5 Christmas Tree Species Found in North Carolina
From the popular Fraser fir to the lesser-known Green Giant, there are a wide variety of species available for purchase across North Carolina.
With the holidays right around the corner, millions of people are shopping for the perfect Christmas tree to decorate and display. While some people will buy an artificial tree, millions of others across the country will opt for a farm-raised tree.
In North Carolina, Christmas trees are grown in almost every county. In fact, there are more than 850 growers across the state who harvest about 5 million trees a year. In total, their farms encompass 38,000 acres of land.
North Carolina’s growers produce a wide variety of Christmas tree species, from the popular Fraser fir to the lesser-known Green Giant. All of these trees have unique characteristics, including shape, color, fragrance and more.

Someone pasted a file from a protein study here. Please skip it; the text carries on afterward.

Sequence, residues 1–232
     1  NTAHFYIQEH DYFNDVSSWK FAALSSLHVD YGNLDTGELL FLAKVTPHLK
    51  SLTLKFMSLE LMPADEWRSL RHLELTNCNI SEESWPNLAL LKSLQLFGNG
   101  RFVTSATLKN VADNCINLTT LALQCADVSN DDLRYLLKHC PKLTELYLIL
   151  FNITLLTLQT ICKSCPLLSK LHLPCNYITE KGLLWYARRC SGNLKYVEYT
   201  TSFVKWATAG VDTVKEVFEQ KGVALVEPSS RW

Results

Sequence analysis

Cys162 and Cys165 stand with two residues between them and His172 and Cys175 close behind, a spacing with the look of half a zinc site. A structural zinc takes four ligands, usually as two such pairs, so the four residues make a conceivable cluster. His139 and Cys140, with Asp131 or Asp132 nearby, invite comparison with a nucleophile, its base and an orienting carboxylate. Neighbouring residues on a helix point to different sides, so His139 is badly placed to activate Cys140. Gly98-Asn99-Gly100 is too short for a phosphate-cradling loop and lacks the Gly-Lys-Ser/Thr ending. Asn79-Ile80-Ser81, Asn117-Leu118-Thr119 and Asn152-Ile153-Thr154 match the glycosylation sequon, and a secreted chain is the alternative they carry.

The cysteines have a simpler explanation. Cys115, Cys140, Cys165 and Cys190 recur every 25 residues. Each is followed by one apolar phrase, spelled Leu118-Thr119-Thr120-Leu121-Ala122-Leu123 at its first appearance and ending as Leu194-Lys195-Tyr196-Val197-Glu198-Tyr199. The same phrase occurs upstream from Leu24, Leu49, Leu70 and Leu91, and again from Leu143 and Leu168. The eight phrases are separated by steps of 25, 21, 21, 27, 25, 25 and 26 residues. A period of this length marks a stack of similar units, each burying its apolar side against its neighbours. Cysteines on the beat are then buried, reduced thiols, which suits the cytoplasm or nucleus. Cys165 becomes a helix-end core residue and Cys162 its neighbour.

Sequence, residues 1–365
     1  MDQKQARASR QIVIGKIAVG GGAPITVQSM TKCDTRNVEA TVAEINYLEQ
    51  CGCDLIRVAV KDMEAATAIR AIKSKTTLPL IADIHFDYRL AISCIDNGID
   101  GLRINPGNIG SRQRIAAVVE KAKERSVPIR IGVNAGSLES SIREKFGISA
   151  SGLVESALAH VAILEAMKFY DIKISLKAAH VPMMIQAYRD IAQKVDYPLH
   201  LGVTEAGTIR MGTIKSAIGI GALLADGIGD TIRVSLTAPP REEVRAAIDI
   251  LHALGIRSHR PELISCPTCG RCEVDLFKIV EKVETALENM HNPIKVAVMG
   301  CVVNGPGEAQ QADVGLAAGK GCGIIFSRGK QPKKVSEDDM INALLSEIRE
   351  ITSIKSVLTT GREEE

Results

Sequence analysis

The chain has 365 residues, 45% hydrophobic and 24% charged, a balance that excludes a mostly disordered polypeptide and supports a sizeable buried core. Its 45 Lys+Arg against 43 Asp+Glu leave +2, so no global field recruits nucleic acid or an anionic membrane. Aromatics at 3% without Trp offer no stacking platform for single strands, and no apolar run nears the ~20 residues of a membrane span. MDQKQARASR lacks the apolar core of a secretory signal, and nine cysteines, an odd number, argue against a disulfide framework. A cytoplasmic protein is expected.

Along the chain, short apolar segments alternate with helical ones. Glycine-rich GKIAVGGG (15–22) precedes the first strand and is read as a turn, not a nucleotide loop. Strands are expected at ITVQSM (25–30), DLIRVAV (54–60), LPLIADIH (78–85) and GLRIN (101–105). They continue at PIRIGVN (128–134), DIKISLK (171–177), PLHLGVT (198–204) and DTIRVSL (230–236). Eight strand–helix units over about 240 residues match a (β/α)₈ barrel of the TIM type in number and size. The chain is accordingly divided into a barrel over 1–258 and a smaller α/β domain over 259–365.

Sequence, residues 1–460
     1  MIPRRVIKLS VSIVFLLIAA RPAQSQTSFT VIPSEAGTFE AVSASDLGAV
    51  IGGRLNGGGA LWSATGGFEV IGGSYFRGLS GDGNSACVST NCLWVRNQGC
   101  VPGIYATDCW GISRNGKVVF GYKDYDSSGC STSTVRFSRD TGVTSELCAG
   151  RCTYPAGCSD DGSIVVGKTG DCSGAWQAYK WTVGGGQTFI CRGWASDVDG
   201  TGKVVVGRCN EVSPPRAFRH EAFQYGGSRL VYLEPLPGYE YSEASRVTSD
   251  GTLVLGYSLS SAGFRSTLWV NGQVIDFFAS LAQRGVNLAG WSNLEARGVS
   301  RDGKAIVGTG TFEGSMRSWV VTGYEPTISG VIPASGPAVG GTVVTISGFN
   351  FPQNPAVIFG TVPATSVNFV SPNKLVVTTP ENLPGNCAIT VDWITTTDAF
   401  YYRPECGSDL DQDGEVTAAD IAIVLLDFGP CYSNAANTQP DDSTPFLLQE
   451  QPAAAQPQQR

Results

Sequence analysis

Below, with some help from NC State extension forestry specialist Jeff Owen, we’ve compiled a list of common Christmas tree species found at North Carolina farms and retail lots to help you decide on which tree to take home.
Native only to the Appalachian Mountains of the southeastern United States, Fraser fir trees grow naturally at elevations of at least 5,000 feet in western North Carolina, eastern Tennessee and southwestern Virginia.
In North Carolina, the Fraser fir is the most common species grown and sold by Christmas tree farms. In fact, with some 850 growers producing more than 50 million Fraser fir trees, the species represents over 90% of all Christmas trees grown across the state.